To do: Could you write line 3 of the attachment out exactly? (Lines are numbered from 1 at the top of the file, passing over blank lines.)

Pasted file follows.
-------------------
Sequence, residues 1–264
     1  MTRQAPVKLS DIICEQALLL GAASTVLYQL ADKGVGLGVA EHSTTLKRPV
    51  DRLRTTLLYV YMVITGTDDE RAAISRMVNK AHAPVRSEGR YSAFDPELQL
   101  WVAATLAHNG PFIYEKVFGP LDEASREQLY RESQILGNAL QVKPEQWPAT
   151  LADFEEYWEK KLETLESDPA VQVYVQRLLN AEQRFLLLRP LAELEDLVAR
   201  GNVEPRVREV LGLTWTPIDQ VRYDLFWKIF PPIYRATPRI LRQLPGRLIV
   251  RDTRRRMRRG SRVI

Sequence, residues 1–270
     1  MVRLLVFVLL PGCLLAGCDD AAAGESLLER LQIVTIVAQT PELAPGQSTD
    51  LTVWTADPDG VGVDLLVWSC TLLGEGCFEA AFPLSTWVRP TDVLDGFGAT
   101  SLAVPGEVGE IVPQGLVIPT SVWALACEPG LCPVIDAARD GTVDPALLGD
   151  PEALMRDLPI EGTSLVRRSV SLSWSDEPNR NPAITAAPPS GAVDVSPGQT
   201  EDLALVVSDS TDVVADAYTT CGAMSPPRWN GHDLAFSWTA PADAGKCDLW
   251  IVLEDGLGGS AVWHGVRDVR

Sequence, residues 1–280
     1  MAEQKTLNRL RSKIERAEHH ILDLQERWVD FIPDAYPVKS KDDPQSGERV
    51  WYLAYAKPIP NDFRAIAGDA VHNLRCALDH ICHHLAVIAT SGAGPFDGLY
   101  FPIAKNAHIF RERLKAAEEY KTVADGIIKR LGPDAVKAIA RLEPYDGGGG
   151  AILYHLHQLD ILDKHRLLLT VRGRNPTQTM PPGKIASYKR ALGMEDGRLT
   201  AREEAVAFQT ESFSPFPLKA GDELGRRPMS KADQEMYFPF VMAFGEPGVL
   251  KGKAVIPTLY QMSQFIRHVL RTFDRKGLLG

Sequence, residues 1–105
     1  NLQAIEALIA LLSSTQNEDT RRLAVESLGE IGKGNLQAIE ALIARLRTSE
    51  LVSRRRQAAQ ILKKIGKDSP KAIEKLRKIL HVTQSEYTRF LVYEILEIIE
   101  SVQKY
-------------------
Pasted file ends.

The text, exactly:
    51  DRLRTTLLYV YMVITGTDDE RAAISRMVNK AHAPVRSEGR YSAFDPELQL